Obsolescence Makes VCR Manufacturers Press Stop

Photo credit: Adam Wilt, Provideo Coaltion
Photo credit: Adam Wilt, Provideo Coaltion

The news that the world’s last manufacturer of Videocassette Recorders (“VCR”) will manufacture its last VCR has gone around the world. 40 years after the first VHS video cassette recorder was manufactured, Japanese consumer electronics company Funai Electric – the last known company making the devices – is ceasing production of its VCR products. The company cited declining sales and difficulty in obtaining the necessary parts as reasons to cease production. At its peak, the company sold 15 million VCRs per year, which has since dwindled down to 750,000 units in 2015 (Frankly, still an astonishing number! Who knew that three-quarters of a million people still bought brand new VCRs?!).

The news caught my attention for a couple of reasons.

Recorded Nostalgia

First of all, I was hit by a wave of nostalgia. When I was growing up, we had limited screen time (television, not tablet). My mother would record our TV shows during the week and we’d watch them during the weekend; after homework and revision, of course. Or that time when my friends discussed the first time they saw what was on the tapes dad had hidden away. 😉

I also remembered the “accessories” industry that sprouted around the VCR and VHS tapes. Who didn’t have some sort of VHS tape rewinder placed near their TV stand?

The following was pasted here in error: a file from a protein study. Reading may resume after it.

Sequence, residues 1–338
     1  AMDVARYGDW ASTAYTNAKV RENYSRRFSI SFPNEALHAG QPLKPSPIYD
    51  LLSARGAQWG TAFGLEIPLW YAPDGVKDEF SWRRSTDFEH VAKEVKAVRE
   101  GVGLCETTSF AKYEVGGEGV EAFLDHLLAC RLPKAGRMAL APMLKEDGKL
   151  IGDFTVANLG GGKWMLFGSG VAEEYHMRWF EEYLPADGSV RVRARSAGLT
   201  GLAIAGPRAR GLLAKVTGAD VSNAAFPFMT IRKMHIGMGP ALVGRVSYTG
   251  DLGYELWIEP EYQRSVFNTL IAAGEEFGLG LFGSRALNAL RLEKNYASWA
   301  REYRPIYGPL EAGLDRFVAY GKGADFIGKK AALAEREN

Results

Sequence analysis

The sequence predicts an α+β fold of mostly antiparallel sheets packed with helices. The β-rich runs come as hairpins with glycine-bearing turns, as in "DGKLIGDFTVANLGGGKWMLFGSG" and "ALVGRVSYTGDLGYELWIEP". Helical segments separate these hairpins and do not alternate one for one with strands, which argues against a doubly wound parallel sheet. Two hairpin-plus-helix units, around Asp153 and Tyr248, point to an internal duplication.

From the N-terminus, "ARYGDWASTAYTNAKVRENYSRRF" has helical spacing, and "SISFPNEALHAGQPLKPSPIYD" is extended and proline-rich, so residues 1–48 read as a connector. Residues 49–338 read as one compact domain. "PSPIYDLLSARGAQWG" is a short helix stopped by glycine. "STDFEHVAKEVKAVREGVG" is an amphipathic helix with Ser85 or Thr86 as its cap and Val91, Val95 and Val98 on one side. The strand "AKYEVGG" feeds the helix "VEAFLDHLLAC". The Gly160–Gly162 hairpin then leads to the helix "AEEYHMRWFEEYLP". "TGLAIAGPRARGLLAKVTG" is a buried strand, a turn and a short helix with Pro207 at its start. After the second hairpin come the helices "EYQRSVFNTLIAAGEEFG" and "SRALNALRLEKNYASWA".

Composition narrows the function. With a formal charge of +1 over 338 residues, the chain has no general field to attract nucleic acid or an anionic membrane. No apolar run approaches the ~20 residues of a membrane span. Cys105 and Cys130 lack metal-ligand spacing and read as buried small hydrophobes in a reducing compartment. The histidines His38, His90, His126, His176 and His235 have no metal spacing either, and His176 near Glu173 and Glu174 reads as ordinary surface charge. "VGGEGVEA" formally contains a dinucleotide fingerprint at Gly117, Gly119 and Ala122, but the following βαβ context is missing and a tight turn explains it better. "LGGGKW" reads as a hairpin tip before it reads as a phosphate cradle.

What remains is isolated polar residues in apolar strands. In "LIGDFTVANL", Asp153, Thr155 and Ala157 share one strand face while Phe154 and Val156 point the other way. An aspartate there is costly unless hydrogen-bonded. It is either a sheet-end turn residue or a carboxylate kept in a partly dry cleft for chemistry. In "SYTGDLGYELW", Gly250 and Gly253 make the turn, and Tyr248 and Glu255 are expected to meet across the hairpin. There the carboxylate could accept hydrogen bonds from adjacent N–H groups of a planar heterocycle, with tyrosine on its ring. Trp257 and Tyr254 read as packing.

Remember these?!

Fast Forward To The End

Secondly, I was impacted by the fact that obsolescence has claimed yet another victim. Very specifically, it reminded me about the following clip from the movie, Other People’s Money, starring Danny Devito.

The bit when “Larry the Liquidator”, talked about obsolescence with the example of “the last company around […] that made the best goddamn buggy whip you ever saw” is especially powerful for me.

This company is dead.

I didn’t kill it. Don’t blame me.

It was dead when I got here. […]

You know why?

Fiber optics. New technologies. Obsolescence.

We’re dead, all right. We’re just not broke.

And do you know the surest way to go broke?

Keep getting an increasing share of a shrinking market. Down the tubes. Slow but sure.

You know, at one time there must have been dozens of companies making buggy whips. And I’ll bet the last company around was the one that made the best goddamn buggy whip you ever saw.

I turn to this scene time and time again whenever I think about my career or the brands I am working with (see: “Brands Will Last Forever… Right?” and “A truly innovative agenda and prepping for jobs that do not yet exist“).

Sometimes, it’s not just about product excellence or an endearing (even enduring) brand. Or, if you think about it from a career perspective – it’s not about your productivity or your personality.

It’s about whether you can successfully adapt to defend your place in this world.

Or, as General Eric Shinseki, former U.S. Army Chief of Staff puts it: “If you don’t like change, you’re going to like irrelevance even less.”

News sources:

Brands Will Last Forever… Right?